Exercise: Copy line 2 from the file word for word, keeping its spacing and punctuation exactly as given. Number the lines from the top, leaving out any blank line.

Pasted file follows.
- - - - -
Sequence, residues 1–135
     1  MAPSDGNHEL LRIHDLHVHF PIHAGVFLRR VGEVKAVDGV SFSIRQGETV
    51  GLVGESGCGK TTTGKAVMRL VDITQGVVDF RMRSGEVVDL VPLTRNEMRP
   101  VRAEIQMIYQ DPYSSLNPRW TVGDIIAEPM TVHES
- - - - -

     1  MAPSDGNHEL LRIHDLHVHF PIHAGVFLRR VGEVKAVDGV SFSIRQGETV